Pregnancy and Rheumatic Diseases

M. Gayed; C. Gordon


Rheumatology. 2007;46(11):1634-1640. 

In This Article

Rheumatoid Arthritis

In contrast to SLE, RA has been known to improve during pregnancy for many years. Several studies have shown significant improvement in 75–95% of pregnant women with RA. The improvement commences in the first trimester and improves maximally in the last semester.[34,35] The discrepancy between RA and SLE in pregnancy is thought to be due to the differences in autoimmune response. Part of the mechanism for the induction of remission during pregnancy is likely to be mediated by the effect of endogenous female hormones on cytokines influencing disease activity.[36] SLE is characterized by a predominantly humoral response (Th2 type) response whereas RA is thought to be provoked by a more cellular response (Th1 type).[37] It is known that in pregnancy there is a raised Th2 type response, in comparison with the non-pregnant state, leading to over expression of Th2 cytokines, such as IL-4 and IL-10. IL-10 is believed to increase autoantibody response in SLE but to be immunosuppressive in RA.[38] There is recent evidence that not only is there a Th2 type of response in pregnancy, but in fact complex immunomodulation at the maternal–fetal interface occurs. This has systemic effects in the maternal circulation, dependent on the stage of pregnancy.[35,39] Another contributing cause to the remission of RA in pregnancy may be the depression of polymorph nuclear neutrophil function in the synovial fluid by alpha fetoprotein, which reduces the degree of synovial fluid inflammation.[40]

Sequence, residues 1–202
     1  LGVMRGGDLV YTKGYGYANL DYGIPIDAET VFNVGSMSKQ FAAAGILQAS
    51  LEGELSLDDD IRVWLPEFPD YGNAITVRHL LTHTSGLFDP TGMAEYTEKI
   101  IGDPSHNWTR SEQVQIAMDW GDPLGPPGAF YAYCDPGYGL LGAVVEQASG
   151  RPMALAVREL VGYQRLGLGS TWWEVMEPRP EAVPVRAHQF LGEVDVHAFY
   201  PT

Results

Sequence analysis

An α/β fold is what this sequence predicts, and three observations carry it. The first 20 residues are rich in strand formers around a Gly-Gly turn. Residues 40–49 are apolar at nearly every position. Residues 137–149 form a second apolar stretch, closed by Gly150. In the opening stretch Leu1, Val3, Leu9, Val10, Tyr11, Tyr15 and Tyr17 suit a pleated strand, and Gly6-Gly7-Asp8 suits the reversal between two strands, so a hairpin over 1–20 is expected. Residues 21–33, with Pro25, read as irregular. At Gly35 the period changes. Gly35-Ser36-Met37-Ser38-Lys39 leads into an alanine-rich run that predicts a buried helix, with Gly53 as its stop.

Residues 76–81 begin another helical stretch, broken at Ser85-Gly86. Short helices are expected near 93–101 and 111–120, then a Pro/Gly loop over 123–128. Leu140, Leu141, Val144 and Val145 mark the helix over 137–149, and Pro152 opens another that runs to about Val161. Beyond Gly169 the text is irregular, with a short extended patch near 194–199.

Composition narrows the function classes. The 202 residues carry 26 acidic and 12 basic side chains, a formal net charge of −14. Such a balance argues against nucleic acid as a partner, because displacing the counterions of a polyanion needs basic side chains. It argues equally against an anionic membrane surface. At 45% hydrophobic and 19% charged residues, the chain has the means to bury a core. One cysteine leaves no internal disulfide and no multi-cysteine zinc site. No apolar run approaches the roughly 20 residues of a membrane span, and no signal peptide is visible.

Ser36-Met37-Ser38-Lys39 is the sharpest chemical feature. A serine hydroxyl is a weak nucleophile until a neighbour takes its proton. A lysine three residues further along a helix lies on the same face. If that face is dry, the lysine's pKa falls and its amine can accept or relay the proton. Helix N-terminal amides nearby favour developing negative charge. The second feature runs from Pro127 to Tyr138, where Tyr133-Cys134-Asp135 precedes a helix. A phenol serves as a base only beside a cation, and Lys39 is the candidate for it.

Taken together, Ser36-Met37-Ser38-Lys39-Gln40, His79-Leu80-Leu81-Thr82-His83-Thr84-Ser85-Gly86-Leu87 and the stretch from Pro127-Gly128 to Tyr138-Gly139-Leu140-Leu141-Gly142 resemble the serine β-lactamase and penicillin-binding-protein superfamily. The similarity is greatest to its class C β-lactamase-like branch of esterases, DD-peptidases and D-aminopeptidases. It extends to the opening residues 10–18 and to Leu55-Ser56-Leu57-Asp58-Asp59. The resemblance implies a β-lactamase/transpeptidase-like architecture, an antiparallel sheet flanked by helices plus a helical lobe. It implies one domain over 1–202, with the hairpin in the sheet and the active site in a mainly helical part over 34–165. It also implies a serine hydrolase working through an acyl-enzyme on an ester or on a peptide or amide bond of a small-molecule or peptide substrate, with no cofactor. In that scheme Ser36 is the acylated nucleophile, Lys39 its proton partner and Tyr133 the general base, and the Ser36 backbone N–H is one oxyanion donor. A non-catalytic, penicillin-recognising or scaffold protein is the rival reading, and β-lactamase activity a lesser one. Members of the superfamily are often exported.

During the postpartum period it is common for RA to flare. In addition, new-onset RA has been reported to be 3–5 times more frequent at this time.[41,42] The precise aetiology for this phenomenon is unknown. It has been suggested that it may due to the increase of prolactin levels associated with breast-feeding as this hormone is pro-inflammatory, but there is conflicting views on this and the loss of pregnancy related immunomodulatory hormones may be sufficient to explain the observation. It has also been demonstrated that the long-term outcome of RA in terms of joint damage and disability, is minimally affected by pregnancy and oral contraceptive use, which is important when counselling women regarding pregnancy and contraception.[36] It has also been found that there is an increased risk of RA developing in women who have had adverse pregnancy outcomes, miscarriage, termination or stillbirth. These complications may increase the risk of RA, but conversely there is no reported increase of adverse pregnancy outcomes in RA.[34] However, a link has been found between miscarriage and the severity of RA. Women with at least one miscarriage have been found to have had an increased rate of joint damage.[43]


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